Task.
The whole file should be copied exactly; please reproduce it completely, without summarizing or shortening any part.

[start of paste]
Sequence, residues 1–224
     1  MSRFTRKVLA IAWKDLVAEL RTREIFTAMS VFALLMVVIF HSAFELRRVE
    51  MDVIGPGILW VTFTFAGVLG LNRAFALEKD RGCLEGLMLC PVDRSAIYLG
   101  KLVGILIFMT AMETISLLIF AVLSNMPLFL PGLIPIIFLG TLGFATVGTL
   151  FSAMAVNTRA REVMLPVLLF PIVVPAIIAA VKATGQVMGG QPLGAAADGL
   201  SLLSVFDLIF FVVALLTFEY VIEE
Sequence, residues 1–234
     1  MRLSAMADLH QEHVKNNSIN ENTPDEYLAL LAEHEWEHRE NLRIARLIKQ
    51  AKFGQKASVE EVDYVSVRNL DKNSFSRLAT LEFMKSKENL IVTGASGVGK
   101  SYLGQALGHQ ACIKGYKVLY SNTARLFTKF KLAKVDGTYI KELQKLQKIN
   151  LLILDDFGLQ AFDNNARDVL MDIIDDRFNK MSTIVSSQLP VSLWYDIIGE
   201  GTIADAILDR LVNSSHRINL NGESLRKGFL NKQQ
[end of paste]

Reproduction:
Sequence, residues 1–224
     1  MSRFTRKVLA IAWKDLVAEL RTREIFTAMS VFALLMVVIF HSAFELRRVE
    51  MDVIGPGILW VTFTFAGVLG LNRAFALEKD RGCLEGLMLC PVDRSAIYLG
   101  KLVGILIFMT AMETISLLIF AVLSNMPLFL PGLIPIIFLG TLGFATVGTL
   151  FSAMAVNTRA REVMLPVLLF PIVVPAIIAA VKATGQVMGG QPLGAAADGL
   201  SLLSVFDLIF FVVALLTFEY VIEE
Sequence, residues 1–234
     1  MRLSAMADLH QEHVKNNSIN ENTPDEYLAL LAEHEWEHRE NLRIARLIKQ
    51  AKFGQKASVE EVDYVSVRNL DKNSFSRLAT LEFMKSKENL IVTGASGVGK
   101  SYLGQALGHQ ACIKGYKVLY SNTARLFTKF KLAKVDGTYI KELQKLQKIN
   151  LLILDDFGLQ AFDNNARDVL MDIIDDRFNK MSTIVSSQLP VSLWYDIIGE
   201  GTIADAILDR LVNSSHRINL NGESLRKGFL NKQQ